The 1971 Baltimore Orioles had four ace starting pitchers — Jim Palmer, Dave McNally, Mike Cuellar, and Pat Dobson, 20-game-winners all. The Pittsburgh Pirates had two — Dock Ellis and Steve Blass, and only one after Ellis’ bad elbow flared up in Game One of the World Series.

But in a winner-take-all game, one ace was usually all a team needed back when ace starters typically turned in at least seven innings and sometimes went the distance.

Fortunately for Pittsburgh manager Danny Murtaugh, his one ace was available and rested for Game Seven of the ’71 Series. Steve Blass had posted a regular season record of 15-8 with a 2.85 ERA and five shut-outs. And in Game Three of the Series, he had gone the distance, limiting the Orioles to one run on three hits and two walks.

In that contest, Blass bested Mike Cuellar, to whom Earl Weaver turned for Game Seven. Cuellar had been uncharacteristically ineffective in the 5-1 loss. However, the Cuban was 2-0 with a sub-2.00 ERA in World Series games prior to 1971. And in the 1971 ALCS, he allowed just one run in a complete game victory over Oakland.

Thus, Weaver and his team could have the same high level of confidence in Cuellar that Murtaugh and the Bucs had in Blass.

Game Seven was played in Baltimore. The home team had won all of the previous six games in this Series. In no World Series, though, had the home team won all seven contests. Twice in the 1950s (1955 and 1956) and once in the 1960s (1965) the home team won the first six only to lose the decider.

There were, then, omens and tea leaves pointing in both directions. They wouldn’t matter. Which pitcher was most in command would likely tell the tale.

Both were in command early, though Blass did walk the first batter he faced, Don Buford. (Orioles’ manager Earl Weaver tried, without success, to rattle the right-hander by claiming he wasn’t throwing off the pitching rubber as the rules required). Neither team scored in the first three innings. In fact, the only hit in this period was a lead-off single by Buford in the third inning. But Blass promptly picked him off.

The Orioles had threatened in the second, when Brooks Robinson walked with one out and Elrod Hendricks reached on an error by Bob Robertson. But Blass got out of that inning when Mark Belanger grounded into a double play.

For their part, the Pirates had gone nine-up, nine-down through three innings. Cuellar also retired the first two batters in the top of the fourth.

But then Roberto Clemente belted a home run. There went the no-hitter and the shut-out.

After that, both pitchers were dominant through the middle of the game and into the eighth inning. All the Orioles managed in those four frames was a one-out double by Hendricks in the fifth. He got no farther than second base.

The Pirates, meanwhile, got only a single by Manny Sanguillen in the fifth. He never made it past first base.

Pittsburgh came to life in the top of the eighth. Willie Stargell led off with a single. Jose Pagan, who platooned with Richie Hebner at third base, followed with a RBI double. It was Pagan’s eleventh hit in 34 World Series at-bats. The majority of both came in the 1962 when he was a starter for the San Francisco Giant.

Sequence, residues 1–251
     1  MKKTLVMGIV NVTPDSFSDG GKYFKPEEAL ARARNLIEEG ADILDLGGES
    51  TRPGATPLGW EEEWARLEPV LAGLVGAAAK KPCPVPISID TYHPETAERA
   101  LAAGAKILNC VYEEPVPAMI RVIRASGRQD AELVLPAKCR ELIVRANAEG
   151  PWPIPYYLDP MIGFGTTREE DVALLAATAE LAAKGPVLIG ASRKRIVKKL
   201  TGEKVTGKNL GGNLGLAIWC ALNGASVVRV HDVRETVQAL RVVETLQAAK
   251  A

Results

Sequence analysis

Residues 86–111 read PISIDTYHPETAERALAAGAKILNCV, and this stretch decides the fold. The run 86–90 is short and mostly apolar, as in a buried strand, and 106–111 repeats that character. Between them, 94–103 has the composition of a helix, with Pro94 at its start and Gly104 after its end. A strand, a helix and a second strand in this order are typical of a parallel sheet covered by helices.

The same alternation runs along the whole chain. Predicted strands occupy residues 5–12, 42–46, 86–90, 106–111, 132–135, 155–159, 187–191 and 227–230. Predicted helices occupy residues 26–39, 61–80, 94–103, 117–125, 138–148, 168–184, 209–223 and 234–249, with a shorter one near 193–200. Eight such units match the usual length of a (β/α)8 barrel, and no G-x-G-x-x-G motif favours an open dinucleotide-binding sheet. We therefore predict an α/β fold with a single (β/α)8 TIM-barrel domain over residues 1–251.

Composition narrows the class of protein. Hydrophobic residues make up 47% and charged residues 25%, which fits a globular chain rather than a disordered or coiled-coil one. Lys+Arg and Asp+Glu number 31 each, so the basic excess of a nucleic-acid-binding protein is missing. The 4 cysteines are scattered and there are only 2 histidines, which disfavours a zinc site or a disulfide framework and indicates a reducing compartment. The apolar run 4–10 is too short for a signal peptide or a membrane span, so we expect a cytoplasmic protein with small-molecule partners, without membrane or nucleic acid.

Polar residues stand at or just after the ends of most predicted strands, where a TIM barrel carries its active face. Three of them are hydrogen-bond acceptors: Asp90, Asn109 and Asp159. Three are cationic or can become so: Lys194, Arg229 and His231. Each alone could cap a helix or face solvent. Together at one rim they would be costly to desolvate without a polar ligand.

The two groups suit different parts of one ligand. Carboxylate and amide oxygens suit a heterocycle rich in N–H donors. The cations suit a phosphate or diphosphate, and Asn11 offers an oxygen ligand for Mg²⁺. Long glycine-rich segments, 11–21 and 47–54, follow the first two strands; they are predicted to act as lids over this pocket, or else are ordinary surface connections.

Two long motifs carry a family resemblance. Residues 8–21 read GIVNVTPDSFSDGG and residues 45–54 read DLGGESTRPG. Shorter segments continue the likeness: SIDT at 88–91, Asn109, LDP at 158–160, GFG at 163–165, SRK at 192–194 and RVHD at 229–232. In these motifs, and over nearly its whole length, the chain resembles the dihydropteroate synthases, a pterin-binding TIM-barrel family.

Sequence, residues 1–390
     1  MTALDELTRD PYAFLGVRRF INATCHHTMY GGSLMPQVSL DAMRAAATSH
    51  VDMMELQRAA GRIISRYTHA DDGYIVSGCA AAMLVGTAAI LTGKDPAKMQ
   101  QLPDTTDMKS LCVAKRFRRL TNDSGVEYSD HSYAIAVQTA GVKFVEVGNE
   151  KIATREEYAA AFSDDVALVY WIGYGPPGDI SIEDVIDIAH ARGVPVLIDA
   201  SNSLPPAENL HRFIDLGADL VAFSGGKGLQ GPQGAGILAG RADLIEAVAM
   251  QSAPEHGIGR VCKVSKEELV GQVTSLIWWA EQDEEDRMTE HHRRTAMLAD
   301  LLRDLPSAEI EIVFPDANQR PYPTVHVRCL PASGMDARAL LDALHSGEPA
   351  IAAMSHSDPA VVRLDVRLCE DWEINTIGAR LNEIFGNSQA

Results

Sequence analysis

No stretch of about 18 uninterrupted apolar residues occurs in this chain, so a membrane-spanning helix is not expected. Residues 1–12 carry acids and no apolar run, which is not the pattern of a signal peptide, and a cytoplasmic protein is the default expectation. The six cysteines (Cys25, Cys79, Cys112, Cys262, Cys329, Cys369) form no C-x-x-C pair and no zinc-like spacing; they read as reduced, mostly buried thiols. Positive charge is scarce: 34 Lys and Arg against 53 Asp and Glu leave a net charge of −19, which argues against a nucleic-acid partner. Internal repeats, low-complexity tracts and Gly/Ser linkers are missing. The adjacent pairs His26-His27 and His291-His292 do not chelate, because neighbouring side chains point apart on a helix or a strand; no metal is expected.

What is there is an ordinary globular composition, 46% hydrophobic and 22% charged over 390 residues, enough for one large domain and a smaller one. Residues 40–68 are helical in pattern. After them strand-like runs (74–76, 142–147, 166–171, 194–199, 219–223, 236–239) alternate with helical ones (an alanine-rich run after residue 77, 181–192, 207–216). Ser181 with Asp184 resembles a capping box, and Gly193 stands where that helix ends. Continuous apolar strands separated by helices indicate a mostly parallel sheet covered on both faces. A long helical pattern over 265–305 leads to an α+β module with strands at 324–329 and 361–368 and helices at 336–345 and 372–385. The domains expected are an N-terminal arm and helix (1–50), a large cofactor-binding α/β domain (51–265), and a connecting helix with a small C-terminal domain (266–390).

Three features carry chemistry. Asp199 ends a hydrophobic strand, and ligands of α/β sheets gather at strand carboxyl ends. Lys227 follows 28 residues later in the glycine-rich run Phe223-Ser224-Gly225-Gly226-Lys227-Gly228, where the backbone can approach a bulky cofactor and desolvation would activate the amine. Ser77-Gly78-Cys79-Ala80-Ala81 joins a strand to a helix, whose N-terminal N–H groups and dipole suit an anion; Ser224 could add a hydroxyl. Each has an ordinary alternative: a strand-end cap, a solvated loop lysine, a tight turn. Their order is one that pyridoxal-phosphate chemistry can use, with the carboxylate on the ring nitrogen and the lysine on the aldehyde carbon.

Cuellar regained command and retired the next three Pirates. But now, the Orioles trailed 2-0, with only six more outs left to catch up.

The bottom of the eighth began well for the O’s. Hendricks and Belanger both singled, putting runners on first and second.

With Cuellar due up, Weaver turned to pinch-hitter Tom Shopay and asked him to bunt. Weaver was ahead of his time in his lack of regard for the sacrifice bunt. “Play for one run, lose by one run” was his general view.

But this creed applied mostly in the early and middle innings, before he had a good idea of how many runs his team would need in the end. Now, in the the eighth inning, Weaver was playing for two runs knowing that two would tie the game going into the ninth. Thus, his decision to sacrifice bunt was reasonable.

In the end, though, Weaver got one run and lost by one run.

Shopay advanced both runners with his sac bunt. Buford grounded out to the first baseman. Hendricks scored on the play. Blass retired Davey Johnson on another grounder to end the inning. The Orioles trailed 2-1.

In the top of the ninth, Weaver snubbed his bullpen (as he had in Game Six) and brought in Dobson rather than ace reliever Eddie Watt. Dobson retired two, including Clemente, but gave up hits to Robertson and Sanguillen. Weaver had to bring in McNally to put out the fire, which the lefty did by getting Willie Stargell on a ground ball.

The two 20-game-winners had done their job, though. Baltimore needed only a run to tie the game.

They had the right men coming up, too: Boog Powell, Frank Robinson, and Merv Rettenmund, with Brooks Robinson to follow if one or more of the first three reached.

None of them did. In fact, none hit the ball out of the infield.

Blass completed his masterpiece having allowed just four hits and two walks. For the Series, he allowed just two runs on seven hits and four walks in 18 innings.

Blass would be even better in 1972 than in 1971. But in 1973, he came down with the pitching equivalent of the “yips.” He simply couldn’t find the plate, walking nearly a batter per inning.

The yips persisted in 1974. He pitched in only one big-league game that year, walking seven in five innings. He couldn’t throw strikes in the minor leagues, either. The Pirates released him before the start of the 1975 season. His career was over at the age of 32.

But on this day in baseball history, he pitched the Pirates to the world championship, their first since 1960 and only their second since 1925.

As Earl Weaver said in defeat, “Clemente was great all right, but if it hadn’t been for Mr. Blass, we might be popping the corks right now.”

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